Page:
Lesson Plans

Jul 11, 2020, 9:27
Get in on the Game.
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Get in on the Game.

20 October 2009

By Colin Roche, CEC, CCE, CHE

Expose your students to a culinary experience that most likely know nothing about.

Game has come a long way, and today more and more chefs are increasingly featuring game dishes on their menus. The old belief that game meat is tough with strong flavors is quickly disappearing because today’s game is mostly farm-raised, making it tender and delicious. Though it usually has a stronger flavor than the meat of domesticated animals, it is also lower in fat, cholesterol and calories, while being higher in minerals and protein.
 

Due to its unique taste, popularity and health benefits compared to domesticated meats, game is a food product that all culinary students should be exposed to and is a great topic to add to the culinary curriculum. Some of the most widely available game animals found frequently on menus is venison, rabbit, wild boar, bison and game birds.

Venison is available farm-raised throughout the year, and most varieties (deer, antelope, elk, etc.) can be purchased. Venison is a dark, lean meat with little or no marbling. The loin and rack are two common cuts that are very tender; therefore, dry cooking techniques are best for these cuts. Moist and combination cooking methods should be used for the leg, however, because it is less tender.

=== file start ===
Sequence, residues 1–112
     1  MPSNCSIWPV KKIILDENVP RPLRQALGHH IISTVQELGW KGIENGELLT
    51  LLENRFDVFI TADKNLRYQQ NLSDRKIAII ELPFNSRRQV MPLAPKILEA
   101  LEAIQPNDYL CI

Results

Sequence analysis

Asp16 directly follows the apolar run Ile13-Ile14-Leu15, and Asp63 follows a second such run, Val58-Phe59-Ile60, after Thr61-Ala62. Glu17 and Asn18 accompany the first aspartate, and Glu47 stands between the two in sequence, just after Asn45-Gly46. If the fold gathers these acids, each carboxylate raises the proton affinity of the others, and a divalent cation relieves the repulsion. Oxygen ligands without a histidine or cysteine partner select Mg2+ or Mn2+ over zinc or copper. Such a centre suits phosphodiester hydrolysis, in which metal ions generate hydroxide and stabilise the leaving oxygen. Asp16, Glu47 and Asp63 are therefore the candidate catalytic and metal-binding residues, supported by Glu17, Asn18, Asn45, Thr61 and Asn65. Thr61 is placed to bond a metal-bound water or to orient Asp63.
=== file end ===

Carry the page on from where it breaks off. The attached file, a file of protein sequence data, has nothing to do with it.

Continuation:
Rabbit is usually farm-raised on ranches and are available year ‘round. Often compared to chicken, rabbit meat is lean and tender, with a mild flavor. Roasting and sautéing are appropriate cooking methods for rabbit loin. Rabbit legs are tougher and benefit from braising and stewing.

Wild boar is related to domesticated hog and is raised today on farms and ranches, making it available year ‘round. Boar meat is leaner than pork, with a darker color and a more intense flavor. Culinary applications and cooking techniques for boar are similar to those used for pork.

North American bison, or buffalo, has made a comeback after having been hunted almost to extinction. Bison is now raised on reserves and ranches like beef cattle. Moist and full of flavor, bison meat is similar to lean beef and is suited to the same cooking techniques.

The game-bird industry in the United States sells millions of birds each year to restaurants and customers, with quail, pheasant and partridge being among the most popular varieties. Quail is the smallest game bird, with lean, dark and mild-tasting meat. Pheasant has a mild flavor and has become the most popular of all game birds. The meat of partridge is generally tougher, with a more pronounced, gamier taste than quail or pheasant.

The easiest and quickest way to add game to a lesson plan is to prepare some alongside a domesticated protein and conduct a taste comparison. You could then generate a discussion with your students that ties into that day’s lecture, including flavor profiles, nutritional benefits and cooking applications of game versus domesticated meats.

So add some game into your lesson plans and start exposing your students to a culinary experience that the majority of them most likely know nothing about!


Colin Roche, CEC, CCE, CHE, is department chair at Johnson and Wales University’s College of Culinary Arts in North Miami, Fla.

Photo credit: Cervena Venison New Zealand